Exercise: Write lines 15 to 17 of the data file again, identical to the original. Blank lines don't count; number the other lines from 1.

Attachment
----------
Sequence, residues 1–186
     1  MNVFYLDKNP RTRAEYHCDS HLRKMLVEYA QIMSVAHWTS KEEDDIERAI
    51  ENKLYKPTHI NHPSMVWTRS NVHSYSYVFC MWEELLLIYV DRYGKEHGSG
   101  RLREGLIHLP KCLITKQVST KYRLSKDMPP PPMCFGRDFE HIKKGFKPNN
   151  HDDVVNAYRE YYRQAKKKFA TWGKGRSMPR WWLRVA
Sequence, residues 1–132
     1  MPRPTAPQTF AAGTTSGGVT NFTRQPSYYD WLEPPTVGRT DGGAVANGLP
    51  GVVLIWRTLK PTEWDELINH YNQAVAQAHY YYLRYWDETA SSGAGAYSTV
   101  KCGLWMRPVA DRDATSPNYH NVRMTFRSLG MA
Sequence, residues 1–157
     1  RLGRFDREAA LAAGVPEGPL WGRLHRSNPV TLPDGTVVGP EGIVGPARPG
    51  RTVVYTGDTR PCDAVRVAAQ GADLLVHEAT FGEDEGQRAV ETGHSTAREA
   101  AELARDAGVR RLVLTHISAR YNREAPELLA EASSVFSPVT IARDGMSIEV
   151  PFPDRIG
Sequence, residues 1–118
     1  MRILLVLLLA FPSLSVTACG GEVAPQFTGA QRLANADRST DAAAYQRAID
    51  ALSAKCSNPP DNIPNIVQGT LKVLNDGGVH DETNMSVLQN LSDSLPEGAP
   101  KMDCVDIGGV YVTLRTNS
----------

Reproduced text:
Sequence, residues 1–118
     1  MRILLVLLLA FPSLSVTACG GEVAPQFTGA QRLANADRST DAAAYQRAID
    51  ALSAKCSNPP DNIPNIVQGT LKVLNDGGVH DETNMSVLQN LSDSLPEGAP